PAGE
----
Study Indicates That Exhaled Vapour Particles Evaporate in Seconds
A new peer-reviewed study, has shown that exhaled e-vapour product particles are actually liquid droplets that evaporate within seconds. In line with what previous air samples have suggested, this indicates, that vaping probably has a minimal impact on indoor air quality.
“No accumulation of particles was registered in the room following subjects’ vaping. This shows us how fundamentally different exhaled e-vapour particles are compared to those released when smoking conventional cigarettes, the latter of which linger in the air for longer periods of time,” said senior study author Dr Grant O’Connell, who is the Corporate Affairs Manager at Fontem Ventures.
The study entitled “Characterisation of the Spatial and Temporal Dispersion Differences between Exhaled e-cigarette mist and Cigarette Smoke,” was published in the renowned journal Nicotine & Tobacco Research and carried out via a collaboration between Kaunas University of Technology in Lithuania, EMPA (Swiss Federal Laboratories for Materials Science and Technology), ETH Zurich (Swiss Federal Institute of Technology) and Fontem Ventures.
“This data adds to the growing body of evidence that vaping indoors is unlikely to pose an air quality issue.”Dr. Grant O'Connell, Senior Study Author
In order to measure particle concentrations in the air, study participants were asked to use e-cigarettes or smoke conventional cigarettes at different distances from a heated mannequin, representing a bystander, and under different room ventilation conditions. In the meantime, the researchers measured aerosol particle concentrations and size distributions at the mannequin’s position.
Particles from cigarette smoke linger significantly longer
For vaping products the particle concentration returned to background values within a few seconds, whilst for cigarettes it increased with successive puffs, only returning to background levels after 30-45 minutes.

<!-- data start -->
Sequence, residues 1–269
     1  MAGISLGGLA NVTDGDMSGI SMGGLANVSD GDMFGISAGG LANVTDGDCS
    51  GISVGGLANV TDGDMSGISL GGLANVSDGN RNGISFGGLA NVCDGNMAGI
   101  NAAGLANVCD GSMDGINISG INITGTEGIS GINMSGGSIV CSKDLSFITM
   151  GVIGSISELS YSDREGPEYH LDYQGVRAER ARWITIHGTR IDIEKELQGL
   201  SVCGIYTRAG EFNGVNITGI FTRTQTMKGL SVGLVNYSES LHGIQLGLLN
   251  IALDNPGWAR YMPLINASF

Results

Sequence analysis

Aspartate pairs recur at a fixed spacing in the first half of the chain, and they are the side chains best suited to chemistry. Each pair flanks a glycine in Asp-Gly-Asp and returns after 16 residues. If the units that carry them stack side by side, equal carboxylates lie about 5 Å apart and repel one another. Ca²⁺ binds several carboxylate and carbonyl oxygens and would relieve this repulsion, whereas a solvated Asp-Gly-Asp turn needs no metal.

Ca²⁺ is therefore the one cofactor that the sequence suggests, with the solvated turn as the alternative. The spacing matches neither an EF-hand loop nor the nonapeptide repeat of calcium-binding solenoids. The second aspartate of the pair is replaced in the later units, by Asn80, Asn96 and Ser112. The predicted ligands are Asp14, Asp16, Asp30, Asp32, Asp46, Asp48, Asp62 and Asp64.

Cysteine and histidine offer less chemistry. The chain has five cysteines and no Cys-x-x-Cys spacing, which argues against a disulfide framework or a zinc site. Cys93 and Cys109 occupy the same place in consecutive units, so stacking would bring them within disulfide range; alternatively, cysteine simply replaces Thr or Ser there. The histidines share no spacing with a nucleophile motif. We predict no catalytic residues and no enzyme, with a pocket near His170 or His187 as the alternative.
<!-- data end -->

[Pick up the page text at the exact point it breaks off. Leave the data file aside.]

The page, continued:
For both e-cigarettes and regular cigarettes, the particle concentrations registered following each puff were in the same order of magnitude. However, for vaping products the particle concentration returned to background values within a few seconds, whilst for cigarettes it increased with successive puffs, only returning to background levels after 30-45 minutes.
“Particle size measurements showed that exhaled e-cigarette particles were smaller than those emitted during smoking conventional cigarettes and evaporated almost immediately after exhalation, thus affecting the removal of particles through evaporation rather than displacement by ventilation,” read the study Abstract.
Vaping indoors is unlikely to affect air quality
Dr O’Connell pointed out that this study is a clear indication that vaping indoors is unlikely to pose any health risks to bystanders. “Exhaled e-vapour aerosol particles have a different chemical composition to cigarette smoke and here we show the physical properties are also significantly different. This data adds to the growing body of evidence that vaping indoors is unlikely to pose an air quality issue.”
In line with this, results from air sampling carried out in vape shops by the California Department of Public Health (CDPH) in 2017, had clearly indicated that the amount of toxic substances present in the air where a lot of vaping is taking place, are of insignificant levels. Sadly, the CDPH has never released any official data pertaining to this study